Can followers of Jesus from a Muslim background continue to call themselves Muslims? This post will explore whether one’s Muslim identity as a Christ follower is an ongoing permanent identity or is simply a transitional phase as the believer matures.  Many Insider Movement advocates see the retention of one’s socio-religious identity as permanent (see Rebecca Lewis’s article, “Insider Movements: Honoring God-given Identity and Community,” in Understanding Insider Movements). In fact, retention of one’s socio-religious identity is one of the distinctive elements of Insider Movements. I question whether this is possible without redefining Islam or Christianity or both.

Who defines whether one is a Muslim?

Fred Farrokh is “a Muslim-background Christian who has been involved in ministry to Muslims for over 30 years” (see his article, “Indigenous Perspectives on Muslim Identity and Insider Movements.”) In the last month, Farrokh has written a very helpful seven-part series on “Identity Development and Transformation in Christ” and it can be found on

In the first article, he defines “identity as “how someone is viewed by self and others, and how the group(s) to which one belongs are viewed by self and others.” He focuses on a person’s spiritual identity, and not on their ethnic identity. Based on this definition, he looks at identity in the following four quadrants.

Perception from within Perception from without
Individual 1. Individual Self-perception

(“Who am I?”)

3. Perception of individual by others  (“Who is he/she?”)
Group 2. Collective self-perception

(“Who are we?”)

4. Perception of group by outsiders

(“Who are they?”)

In this series of articles, Farrokh emphasizes that the Muslim community defines Muslim identity. In an earlier article, in which he summarizes his doctoral research, he quotes Al-Ghazali (an Islamic scholar who died in 1111), who answered the question of who is a Muslim in the following way:

“‘Unbelief (kufr)’ is to deem anything the Prophet [Muhammad] brought to be a lie. And ‘faith (iman)’ is to deem everything he brought to be true. Thus, the Jews and the Christians are Unbelievers because they deny the truthfulness of the Prophet.”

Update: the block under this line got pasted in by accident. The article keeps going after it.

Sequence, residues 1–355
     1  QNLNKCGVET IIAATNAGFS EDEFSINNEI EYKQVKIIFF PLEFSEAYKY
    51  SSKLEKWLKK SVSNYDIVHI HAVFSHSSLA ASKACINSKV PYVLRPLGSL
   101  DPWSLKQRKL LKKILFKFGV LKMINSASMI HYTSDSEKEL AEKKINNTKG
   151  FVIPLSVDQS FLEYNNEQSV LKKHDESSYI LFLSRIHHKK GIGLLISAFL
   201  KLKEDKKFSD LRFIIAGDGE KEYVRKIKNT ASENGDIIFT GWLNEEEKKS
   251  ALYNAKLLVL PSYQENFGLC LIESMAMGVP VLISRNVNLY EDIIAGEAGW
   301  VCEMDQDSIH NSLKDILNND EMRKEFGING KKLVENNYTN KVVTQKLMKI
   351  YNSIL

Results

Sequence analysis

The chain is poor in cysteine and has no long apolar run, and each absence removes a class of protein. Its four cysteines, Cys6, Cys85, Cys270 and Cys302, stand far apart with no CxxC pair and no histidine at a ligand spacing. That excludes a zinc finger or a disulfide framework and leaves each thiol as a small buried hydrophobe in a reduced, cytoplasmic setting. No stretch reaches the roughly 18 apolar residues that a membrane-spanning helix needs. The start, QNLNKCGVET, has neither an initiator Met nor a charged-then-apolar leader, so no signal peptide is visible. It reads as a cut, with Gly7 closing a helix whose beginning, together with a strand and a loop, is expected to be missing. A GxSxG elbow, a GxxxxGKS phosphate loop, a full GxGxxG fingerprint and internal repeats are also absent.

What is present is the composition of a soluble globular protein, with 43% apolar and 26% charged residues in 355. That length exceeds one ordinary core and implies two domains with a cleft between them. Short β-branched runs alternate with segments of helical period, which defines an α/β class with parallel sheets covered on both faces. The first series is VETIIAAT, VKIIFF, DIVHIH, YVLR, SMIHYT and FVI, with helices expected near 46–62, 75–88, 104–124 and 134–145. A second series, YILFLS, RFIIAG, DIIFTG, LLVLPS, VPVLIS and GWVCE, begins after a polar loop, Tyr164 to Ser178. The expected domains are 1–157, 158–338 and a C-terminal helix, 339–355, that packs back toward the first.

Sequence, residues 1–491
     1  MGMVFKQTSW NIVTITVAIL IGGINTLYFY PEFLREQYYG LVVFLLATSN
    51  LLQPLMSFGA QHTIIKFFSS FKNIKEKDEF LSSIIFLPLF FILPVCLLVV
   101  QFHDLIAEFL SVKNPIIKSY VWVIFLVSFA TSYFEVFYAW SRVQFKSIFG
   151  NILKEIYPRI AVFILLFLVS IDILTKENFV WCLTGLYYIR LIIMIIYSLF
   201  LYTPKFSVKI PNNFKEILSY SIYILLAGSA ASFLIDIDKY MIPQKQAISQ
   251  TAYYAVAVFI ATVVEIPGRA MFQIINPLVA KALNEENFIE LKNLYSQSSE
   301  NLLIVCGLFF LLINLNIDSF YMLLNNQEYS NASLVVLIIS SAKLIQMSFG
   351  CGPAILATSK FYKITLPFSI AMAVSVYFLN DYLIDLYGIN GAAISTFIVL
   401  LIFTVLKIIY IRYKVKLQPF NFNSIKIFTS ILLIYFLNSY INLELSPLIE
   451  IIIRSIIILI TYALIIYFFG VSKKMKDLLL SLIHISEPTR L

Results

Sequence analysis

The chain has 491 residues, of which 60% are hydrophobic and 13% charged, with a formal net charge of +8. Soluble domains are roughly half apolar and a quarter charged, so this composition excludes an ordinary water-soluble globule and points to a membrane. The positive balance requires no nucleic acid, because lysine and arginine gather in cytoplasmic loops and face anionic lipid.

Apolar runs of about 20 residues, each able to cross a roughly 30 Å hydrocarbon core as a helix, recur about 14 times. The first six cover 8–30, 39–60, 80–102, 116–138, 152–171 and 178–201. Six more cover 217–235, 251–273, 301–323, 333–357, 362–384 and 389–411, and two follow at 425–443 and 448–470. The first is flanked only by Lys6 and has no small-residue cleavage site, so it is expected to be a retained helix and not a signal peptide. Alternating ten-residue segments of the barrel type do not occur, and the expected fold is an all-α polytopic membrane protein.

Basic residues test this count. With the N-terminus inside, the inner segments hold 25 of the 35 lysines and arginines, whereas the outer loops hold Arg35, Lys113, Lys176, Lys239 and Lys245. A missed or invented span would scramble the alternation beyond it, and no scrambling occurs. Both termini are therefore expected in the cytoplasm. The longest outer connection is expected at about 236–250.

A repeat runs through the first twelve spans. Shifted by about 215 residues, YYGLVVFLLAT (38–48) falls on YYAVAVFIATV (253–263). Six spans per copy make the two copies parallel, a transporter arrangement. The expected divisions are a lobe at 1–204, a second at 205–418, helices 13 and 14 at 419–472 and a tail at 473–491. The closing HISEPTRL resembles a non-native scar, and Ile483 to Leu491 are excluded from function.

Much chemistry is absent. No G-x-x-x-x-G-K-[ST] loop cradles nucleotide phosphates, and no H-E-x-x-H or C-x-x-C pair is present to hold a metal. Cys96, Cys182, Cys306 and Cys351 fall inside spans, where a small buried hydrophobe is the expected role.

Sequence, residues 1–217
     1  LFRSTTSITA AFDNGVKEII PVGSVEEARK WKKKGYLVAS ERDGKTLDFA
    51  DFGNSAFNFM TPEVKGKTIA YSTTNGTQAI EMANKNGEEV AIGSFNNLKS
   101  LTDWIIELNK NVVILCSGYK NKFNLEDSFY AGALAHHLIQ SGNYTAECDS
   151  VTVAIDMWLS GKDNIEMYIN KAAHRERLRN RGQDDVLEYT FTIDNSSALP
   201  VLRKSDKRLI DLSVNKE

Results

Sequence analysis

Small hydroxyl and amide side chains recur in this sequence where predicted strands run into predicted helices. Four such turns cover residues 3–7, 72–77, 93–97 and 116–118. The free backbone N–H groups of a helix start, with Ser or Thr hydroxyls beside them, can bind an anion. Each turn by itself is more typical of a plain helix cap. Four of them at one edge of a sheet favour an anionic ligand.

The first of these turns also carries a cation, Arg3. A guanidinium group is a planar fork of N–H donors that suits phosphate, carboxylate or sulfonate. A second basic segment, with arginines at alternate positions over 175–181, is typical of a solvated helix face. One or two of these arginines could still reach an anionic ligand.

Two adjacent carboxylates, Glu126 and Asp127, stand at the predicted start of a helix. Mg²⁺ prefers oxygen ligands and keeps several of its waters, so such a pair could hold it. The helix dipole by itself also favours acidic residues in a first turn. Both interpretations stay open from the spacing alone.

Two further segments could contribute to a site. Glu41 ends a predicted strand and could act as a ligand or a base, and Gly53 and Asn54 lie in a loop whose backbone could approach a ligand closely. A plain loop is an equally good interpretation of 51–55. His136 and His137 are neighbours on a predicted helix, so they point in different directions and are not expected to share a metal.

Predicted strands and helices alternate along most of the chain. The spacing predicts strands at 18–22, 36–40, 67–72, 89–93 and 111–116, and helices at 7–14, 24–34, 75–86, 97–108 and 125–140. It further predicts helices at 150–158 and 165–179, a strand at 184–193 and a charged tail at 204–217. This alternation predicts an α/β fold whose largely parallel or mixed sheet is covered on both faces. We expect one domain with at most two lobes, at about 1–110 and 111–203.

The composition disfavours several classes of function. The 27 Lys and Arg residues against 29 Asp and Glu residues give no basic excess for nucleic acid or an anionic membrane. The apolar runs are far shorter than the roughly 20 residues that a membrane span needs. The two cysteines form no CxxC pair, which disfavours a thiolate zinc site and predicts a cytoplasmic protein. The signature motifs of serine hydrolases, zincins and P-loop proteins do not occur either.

Al-Ghazali ruled that Christians are non-Muslims simply because they are mushrikeen (people who commit “shirk”, the sin of worship of anything besides the singular Allah) because they associate Jesus with Allah.

Based on his research, Farrokh believes that permanent retention of Muslim identity is not possible for someone who has accepted the biblical Jesus. Using the four quadrants in Farrokh’s chart, the “perception from within” may assert one’s Muslim identity, but the “perception from without” will deny Muslim identity for that Christ-worshipper.

How flexible is the term “Muslim”?

The term “Muslim” within Islam is not as flexible as Insider Movement proponents imagine. Farrokh’s doctoral research confirms this. In the second article in the Biblical Missiology series he writes:

To summarize, there is no historical or contemporary indigenous rationale for the term “Muslim” being used flexibly enough to include someone who worships the Lord Jesus Christ. Muhammad clearly and specifically forbade the worship of Jesus Christ (see Sura 5:72; 5:116, for examples). Indeed the founder of Islam esteemed Jesus merely as a prophet and his personal herald (see Sura 61:6).

To pry the term “Muslim” away from Muslims themselves, and redefine it, as several Christian missiologists have done, constitutes an external imposition that demolishes the marker an indigenous community has set up to define itself. It is unlikely such an imposition can result in either biblical or fruitful missiology. Furthermore, individuals who are encouraged to try to retain Muslim identity after coming to faith in the biblical Jesus will likely live in a tragically confused state which also causes confusion to others.

The Jesus of the Qur’an and the Jesus of the Bible are fundamentally different. Farrokh in his sixth article identifies the following challenge for those who follow Jesus but want to retain their Muslim identity: